The plan is to get all of this implemented, proof test it against a bunch of existing older version of the AST and finally eat our own dog food by porting a bunch of ppx rewriters to the new world, making sure that the port is as smooth as possible.

Once this is all done, we will release the 1.0.0 version of the ppx project for public consumption.

It will be possible to use ppx rewriter baseds on ppx in conjunction with ppx rewriters based on ppxlib or ocaml-migrate-parsetree, just so that we don’t need to port everything at once.

Our expectation is that the next time the parsetree changes and authors of ppx rewriters need to update their code, they’ll choose to migrate to ppx at the same time given that it will give them long term stability guarantees.


I must admit I like this proposed API a lot more than the previous plan. I think this one will lead to much better adoption, especially for people, like me, who tend to write their current PPXs the “old school” way, with only omp.

The only real suggestion I have at this point is to keep the new astlib to the minimum: the API you propose here and the driver (and maybe metaquot/viewppx). I’ll be happy to give more feedback when I can test it.


What we call astlib won’t be a user facing library. It will live in the compiler itself and be the smallest possible API that ensure that the ppx world keeps working with new compilers and even trunk. It will only contain:

  • the definition of the dynamic AST
  • functions to convert between the static and dynamic ASTs
  • the history of upgrade/downgrade functions

The user facing package will be ppx, which will be composed of

  • the ppx library, which in particular will expose the versioned AST interfaces, the view patterns, the driver and various modules ported from ppxlib. It will be approximately the same size as ppxlib except that it will have no dependency
  • ppx.metaquot for metaquotations
  • ppx.view for view patterns

If there is a need to have just the versioned AST interfaces on their own without the rest, we could certainly imagine distributing them as a separate library of even a separate package.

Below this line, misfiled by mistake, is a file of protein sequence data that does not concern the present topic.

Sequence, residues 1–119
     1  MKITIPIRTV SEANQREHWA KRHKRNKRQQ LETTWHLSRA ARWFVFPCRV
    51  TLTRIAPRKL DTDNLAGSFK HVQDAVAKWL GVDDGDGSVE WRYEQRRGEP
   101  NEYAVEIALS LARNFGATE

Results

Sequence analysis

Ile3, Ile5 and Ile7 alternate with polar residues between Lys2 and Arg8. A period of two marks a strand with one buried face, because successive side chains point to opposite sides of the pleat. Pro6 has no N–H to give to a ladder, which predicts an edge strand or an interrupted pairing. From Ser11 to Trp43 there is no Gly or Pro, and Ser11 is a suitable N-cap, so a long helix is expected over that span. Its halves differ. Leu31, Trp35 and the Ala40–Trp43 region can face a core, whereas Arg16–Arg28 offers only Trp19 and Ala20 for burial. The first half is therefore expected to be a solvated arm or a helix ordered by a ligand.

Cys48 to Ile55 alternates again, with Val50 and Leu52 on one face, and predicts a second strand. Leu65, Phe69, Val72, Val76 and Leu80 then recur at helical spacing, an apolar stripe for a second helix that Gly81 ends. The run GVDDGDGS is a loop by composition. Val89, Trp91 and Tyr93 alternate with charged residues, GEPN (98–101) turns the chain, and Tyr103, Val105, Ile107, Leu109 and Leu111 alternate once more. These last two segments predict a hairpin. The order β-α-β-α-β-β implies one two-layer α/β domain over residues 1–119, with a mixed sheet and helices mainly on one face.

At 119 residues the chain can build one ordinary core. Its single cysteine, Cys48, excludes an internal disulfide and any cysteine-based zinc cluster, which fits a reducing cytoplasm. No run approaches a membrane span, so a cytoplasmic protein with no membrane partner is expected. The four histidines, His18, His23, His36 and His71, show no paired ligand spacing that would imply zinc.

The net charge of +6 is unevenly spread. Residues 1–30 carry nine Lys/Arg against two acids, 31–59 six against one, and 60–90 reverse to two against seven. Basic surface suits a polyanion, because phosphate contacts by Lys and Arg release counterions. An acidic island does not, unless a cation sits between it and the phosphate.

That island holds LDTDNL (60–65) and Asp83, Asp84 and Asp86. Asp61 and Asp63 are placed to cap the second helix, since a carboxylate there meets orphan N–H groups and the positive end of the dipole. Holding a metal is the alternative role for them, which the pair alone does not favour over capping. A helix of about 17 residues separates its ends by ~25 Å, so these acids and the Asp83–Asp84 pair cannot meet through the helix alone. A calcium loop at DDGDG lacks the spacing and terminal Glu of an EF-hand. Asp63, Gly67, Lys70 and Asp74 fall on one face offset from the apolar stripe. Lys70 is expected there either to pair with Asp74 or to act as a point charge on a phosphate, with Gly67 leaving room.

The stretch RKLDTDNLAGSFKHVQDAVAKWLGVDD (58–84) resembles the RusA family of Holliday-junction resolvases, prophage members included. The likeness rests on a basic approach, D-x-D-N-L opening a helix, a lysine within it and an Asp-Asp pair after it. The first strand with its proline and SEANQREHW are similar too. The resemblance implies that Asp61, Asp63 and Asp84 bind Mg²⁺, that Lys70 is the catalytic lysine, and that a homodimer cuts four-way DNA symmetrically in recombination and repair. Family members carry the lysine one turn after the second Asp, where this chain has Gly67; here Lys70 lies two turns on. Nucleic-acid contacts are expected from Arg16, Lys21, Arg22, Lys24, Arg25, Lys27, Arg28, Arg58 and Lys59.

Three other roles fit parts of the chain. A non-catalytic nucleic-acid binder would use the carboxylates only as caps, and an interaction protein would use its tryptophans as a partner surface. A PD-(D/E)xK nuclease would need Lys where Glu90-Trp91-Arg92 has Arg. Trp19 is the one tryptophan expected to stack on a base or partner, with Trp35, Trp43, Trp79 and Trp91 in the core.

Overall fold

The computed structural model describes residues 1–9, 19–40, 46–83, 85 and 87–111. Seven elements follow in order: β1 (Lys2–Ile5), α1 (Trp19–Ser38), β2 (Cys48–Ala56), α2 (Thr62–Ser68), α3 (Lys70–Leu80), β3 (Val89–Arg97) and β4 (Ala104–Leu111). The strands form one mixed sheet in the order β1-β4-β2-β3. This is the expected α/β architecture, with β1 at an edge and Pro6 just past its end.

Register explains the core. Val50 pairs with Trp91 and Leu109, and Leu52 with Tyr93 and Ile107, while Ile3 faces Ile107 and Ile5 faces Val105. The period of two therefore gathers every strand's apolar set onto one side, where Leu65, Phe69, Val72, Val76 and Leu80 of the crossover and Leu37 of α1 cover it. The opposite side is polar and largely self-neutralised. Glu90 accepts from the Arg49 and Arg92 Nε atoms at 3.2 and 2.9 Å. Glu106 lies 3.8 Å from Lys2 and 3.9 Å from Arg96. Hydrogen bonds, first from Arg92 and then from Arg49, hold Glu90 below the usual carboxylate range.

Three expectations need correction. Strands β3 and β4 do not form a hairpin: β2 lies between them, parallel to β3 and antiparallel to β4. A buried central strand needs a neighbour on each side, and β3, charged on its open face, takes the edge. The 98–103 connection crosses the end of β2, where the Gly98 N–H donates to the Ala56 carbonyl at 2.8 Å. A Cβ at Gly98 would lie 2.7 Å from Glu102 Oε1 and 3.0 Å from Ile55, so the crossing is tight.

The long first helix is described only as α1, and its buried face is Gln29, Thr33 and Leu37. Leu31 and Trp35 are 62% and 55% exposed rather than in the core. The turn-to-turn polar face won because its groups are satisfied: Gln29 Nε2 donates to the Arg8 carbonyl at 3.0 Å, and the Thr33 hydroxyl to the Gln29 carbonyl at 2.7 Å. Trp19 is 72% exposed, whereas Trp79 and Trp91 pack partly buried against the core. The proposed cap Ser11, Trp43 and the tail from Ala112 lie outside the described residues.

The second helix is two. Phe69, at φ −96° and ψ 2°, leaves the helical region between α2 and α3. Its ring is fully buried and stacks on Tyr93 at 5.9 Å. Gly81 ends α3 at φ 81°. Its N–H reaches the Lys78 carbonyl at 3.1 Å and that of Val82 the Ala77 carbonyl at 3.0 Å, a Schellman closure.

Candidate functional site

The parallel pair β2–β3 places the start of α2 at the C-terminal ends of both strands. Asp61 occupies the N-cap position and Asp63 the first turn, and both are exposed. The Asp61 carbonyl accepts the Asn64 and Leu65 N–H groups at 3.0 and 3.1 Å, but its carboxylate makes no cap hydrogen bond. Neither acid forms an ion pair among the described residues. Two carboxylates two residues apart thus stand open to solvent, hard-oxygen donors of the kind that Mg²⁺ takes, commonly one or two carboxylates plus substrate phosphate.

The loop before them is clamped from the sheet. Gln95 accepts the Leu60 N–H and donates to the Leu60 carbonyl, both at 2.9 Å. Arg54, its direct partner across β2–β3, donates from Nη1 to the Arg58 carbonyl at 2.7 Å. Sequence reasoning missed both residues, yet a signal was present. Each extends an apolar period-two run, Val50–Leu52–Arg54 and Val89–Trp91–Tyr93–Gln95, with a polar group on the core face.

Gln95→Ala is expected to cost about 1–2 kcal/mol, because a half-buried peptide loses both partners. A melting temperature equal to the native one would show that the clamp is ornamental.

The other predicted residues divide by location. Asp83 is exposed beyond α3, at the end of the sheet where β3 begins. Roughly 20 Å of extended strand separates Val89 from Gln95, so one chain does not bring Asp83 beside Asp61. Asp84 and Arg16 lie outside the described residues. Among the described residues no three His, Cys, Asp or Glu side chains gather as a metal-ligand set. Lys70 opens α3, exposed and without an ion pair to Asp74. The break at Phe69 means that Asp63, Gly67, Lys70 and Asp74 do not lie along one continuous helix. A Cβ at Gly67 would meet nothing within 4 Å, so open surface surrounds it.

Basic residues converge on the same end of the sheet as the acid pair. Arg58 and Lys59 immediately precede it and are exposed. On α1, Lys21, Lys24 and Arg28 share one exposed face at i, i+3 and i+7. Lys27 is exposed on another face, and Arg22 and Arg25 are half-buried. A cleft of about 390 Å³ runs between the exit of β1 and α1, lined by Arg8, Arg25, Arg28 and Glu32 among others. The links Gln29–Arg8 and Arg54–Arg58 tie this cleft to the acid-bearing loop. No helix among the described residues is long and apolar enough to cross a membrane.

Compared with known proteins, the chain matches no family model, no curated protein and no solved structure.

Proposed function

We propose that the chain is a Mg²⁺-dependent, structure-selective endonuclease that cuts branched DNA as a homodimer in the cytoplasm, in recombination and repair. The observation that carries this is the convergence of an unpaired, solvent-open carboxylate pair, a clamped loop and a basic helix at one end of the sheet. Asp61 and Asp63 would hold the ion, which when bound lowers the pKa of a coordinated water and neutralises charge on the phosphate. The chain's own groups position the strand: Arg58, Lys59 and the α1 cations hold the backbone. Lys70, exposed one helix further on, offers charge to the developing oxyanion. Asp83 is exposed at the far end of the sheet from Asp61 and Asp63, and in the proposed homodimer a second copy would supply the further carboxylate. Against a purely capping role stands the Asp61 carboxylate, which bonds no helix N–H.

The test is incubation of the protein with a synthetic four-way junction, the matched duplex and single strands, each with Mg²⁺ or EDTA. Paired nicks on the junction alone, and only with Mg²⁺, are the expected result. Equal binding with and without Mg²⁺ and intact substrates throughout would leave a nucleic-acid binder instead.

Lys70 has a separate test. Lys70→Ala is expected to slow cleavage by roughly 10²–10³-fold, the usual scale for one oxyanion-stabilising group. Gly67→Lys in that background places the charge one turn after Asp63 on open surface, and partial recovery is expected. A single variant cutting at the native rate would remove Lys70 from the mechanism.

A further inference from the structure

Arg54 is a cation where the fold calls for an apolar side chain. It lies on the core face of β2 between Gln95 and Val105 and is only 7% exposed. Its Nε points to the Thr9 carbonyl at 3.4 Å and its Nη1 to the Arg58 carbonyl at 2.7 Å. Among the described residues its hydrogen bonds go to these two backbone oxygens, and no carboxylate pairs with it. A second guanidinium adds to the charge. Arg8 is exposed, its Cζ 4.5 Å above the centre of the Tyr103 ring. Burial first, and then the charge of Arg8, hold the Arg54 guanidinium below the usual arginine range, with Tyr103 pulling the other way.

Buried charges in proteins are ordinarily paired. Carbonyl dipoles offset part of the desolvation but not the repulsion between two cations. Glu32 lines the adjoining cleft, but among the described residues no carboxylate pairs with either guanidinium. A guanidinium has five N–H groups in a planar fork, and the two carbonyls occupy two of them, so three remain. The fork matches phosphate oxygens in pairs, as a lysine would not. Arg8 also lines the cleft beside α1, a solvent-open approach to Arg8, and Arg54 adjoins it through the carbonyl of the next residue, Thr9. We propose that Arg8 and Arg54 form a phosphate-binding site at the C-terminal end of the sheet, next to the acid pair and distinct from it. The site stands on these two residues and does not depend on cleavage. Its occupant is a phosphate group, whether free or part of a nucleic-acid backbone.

Regarding the driver, it will be similar to the ppxlib driver. i.e. the standard way to register a transformation will be by registering extension point expanders or derivers rather than whole AST mappers, though the latter will still be allowed for special cases. This is simply because such precise transformers have a better composition semantic and lead to faster rewriting, so we want to encourage ppx authors to use that.


And feedback will definitely be welcome! :slight_smile:

Will the dynamic AST be serializable ? Minimal serializable AST representations are useful to, for example, run toplevels in separate processes and return the outout without making assumptions about how it will be used.

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BTW, an attribute [@serializable] testifying that the type can be serialized without throwing an exception would be nice.

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It will be but it will be a bit bigger than the static one.

BTW, an attribute [@serializable] testifying that the type can be serialized without throwing an exception would be nice.

That would be nice, though we might end up putting this annotation everywhere.